petrossian_fondue.jpg

petrossian_cake.jpg

Italian Pizzelle Cookies

by Susan Russo
Print Email

pizzelle1.jpgMy grandmother, Nan, loved to receive shirt boxes at Christmas every year. Not shirts, just the boxes. After Christmas, my mom and I would bring them over her house, where she would stack them in a closet, then insist we sit down at the kitchen table and have something to eat.

Wondering what she did with all those boxes? She used them store her pizzelle cookies. She needed a lot of boxes because she made a lot of pizzelles – for birthdays, anniversaries, and holidays. It's not just my grandmother, all Italians enjoy them for celebrations.

Pizzelles are round Italian waffle-like cookies made from flour, sugar, eggs, and butter and are typically flavored with anise or vanilla. The name pizzelle comes from the Italian pizze, meaning "flat" or "round."

Believed to be the oldest cookie in Italy, pizzelle have an unusual past. According to legend, in 700 BCE, snakes had infested Abruzzo, in south central Italy, and after they were banished, the townspeople celebrated by eating pizzelle. To this day, they are eaten to celebrate the Festival of the Snakes, now known as the Feast Day of San Domenico.

Pizzelles were originally baked over open fire using irons that were embossed with a family or village crest. Today they are made using a pizzelle iron, which is similar to a waffle iron, but has an attractive floral pattern rather than a grid.

pizzellemaker.jpgI can still picture my grandmother standing at her kitchen counter making pizzelle. She would pour the thick batter onto the iron, close the long-handled cover, and wait for the sizzling sound of the batter baking. When she lifted the cover, there would be two perfect flower-embossed pizzelle. It would takes hours to make them, and the aroma of anise would perfume her tiny apartment.

Nan is 99 years old and in a nursing home now. Thanks to her son-in-law, my dad, her tradition is alive and well. He recently made a batch and FedExed them to us. Just smelling the anise brought me right back to Nan's little kitchen. She would be thrilled to know that her pizzelle are on my blog for so many people to appreciate; they were her pride and glory.

Note: Most pizzelle recipes call for anise extract, but Dad uses actual anise seed, which is more flavorful. Remember, you need a Pizzelle Baker to make these cookies.


Pizzelle
This recipe makes a thicker, firmer pizzelle--my family's favorite.

6 eggs
2 cups sugar
1/2 pound butter (2 sticks), melted
2 teaspoons vanilla extract
1 teaspoon anise seeds
4 tablespoons baking powder
7 cups all-purpose flour

Preheat pizzelle iron. Coat with cooking spray and wipe off excess with a paper towel. You do not have to re-apply.

Beat eggs and sugar. Add cooled melted butter, vanilla extract, and anise seeds. Sift flour and baking powder in a bowl and add to the egg mixture. Batter will have a dough-like consistency. With your hands, roll into one-inch round balls and place in the center of the pizzelle iron grids. Close the cover of the iron and bake for about 45 seconds, or until golden brown. Remove from iron and place on a cookie rack to cool.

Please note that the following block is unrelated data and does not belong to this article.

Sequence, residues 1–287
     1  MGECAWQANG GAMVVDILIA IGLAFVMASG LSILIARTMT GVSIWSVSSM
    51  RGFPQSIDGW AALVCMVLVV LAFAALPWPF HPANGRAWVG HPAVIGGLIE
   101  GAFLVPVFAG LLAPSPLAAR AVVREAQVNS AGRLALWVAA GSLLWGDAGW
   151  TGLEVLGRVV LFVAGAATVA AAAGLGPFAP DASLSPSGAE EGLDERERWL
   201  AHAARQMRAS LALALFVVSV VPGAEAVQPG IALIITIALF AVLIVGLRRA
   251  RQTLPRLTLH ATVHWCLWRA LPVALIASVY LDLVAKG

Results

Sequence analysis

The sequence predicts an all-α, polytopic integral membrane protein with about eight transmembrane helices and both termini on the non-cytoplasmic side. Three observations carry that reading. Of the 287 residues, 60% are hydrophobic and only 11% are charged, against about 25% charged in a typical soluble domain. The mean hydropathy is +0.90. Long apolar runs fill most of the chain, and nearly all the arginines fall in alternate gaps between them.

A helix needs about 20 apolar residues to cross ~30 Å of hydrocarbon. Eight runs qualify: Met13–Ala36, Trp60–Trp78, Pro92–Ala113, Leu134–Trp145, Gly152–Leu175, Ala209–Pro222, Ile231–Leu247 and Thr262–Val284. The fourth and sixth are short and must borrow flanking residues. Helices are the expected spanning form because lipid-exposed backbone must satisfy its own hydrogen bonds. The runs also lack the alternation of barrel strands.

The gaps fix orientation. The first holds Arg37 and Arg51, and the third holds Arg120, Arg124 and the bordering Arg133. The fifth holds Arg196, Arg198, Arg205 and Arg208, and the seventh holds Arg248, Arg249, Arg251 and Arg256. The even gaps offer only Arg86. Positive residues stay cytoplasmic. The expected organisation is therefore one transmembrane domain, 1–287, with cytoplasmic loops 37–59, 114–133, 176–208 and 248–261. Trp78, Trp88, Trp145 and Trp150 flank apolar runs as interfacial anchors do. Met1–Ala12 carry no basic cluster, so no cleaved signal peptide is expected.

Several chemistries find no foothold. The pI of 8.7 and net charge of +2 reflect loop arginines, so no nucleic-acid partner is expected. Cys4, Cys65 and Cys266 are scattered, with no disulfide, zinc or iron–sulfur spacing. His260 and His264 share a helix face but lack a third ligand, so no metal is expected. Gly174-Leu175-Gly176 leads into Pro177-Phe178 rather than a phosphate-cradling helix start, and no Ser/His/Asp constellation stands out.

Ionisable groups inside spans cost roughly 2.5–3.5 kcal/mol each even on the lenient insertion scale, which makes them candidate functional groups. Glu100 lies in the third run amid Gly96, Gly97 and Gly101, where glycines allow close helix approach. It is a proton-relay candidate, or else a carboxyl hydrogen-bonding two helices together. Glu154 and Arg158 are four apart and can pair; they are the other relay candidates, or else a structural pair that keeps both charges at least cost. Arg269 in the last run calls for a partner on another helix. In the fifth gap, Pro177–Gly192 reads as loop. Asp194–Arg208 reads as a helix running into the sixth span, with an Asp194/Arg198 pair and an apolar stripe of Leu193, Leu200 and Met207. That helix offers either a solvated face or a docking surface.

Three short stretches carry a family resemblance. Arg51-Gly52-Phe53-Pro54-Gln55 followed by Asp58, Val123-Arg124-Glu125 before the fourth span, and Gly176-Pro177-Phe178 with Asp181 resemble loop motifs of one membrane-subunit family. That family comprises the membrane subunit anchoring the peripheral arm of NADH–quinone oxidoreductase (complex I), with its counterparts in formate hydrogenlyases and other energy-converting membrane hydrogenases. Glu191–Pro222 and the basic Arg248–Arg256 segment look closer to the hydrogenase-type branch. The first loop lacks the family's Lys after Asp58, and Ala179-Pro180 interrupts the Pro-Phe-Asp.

Dust with confectioner's before serving, if desired.

Pizzelle will last for a couple of weeks if stored in an air-tight container and kept in a cool area.


If you prefer a thinner pizzelle, then follow these instructions:

6 eggs
1½ cups sugar
1/2 pound (1 cup) butter, melted
1 teaspoon anise seeds or extract
2 teaspoons vanilla extract
1 tablespoon plus 1 teaspoon baking powder
3½ cups all-purpose flour

Follow baking instructions from above.

Other flavor options include:

1. Omit vanilla and anise extract and add 2 tsp rum and 2 tsp grated orange peel.
2. Omit vanilla and anise extract and add 1 Tbsp almond extract and 1 cup finely chopped almonds.

 

Susan Russo is a free lance food writer in San Diego, California. She publishes stories, recipes, and photos on her cooking blog, <Food Blogga and is a regular contributor to NPR’s <Kitchen Window. She is also the author of two upcoming books that will be published in the fall of 2010.    

Add comment


Security code
Refresh

Restaurant News

Miss Macaron
New York
by Alexis Siemons

bisous1.jpgI've never been the type to have a candy drawer or crave chocolate. Growing up, I would rather have a savory snack than give myself a sugar rush. There was one sweet spoonful that sent me...

Read more...
An Evening at Trois Mec
Los Angeles
by Lisa Dinsmore

ludoBefore Trois Mec opened, being able to claim you attended one of Chef Ludo Lefebvre's infamous LudoBites pop-ups was sort of a badge of honor amongst Angelenos. An elusive and super cool...

Read more...
The Providores and Tapas Room
London - British Isles
by Anna Harari

yog.jpg Can we talk about how strange a yoga class in London is?  Stretch out your kidneys, she kept saying.  Elongate your kidneys.  Her British accent easing me from one pose to another…but…kidneys? ...

Read more...
Noah's Arzak
Europe
by Bruce Cormicle

arzakoutside.jpgDateline 2011:  San Sebastian, Spain – 3 Star Michelin "Arzak"
(Number 8 in the Top Fifty Restaurant's of the World poll)

God may have texted Noah to board the Ark with his family, seven pairs...

Read more...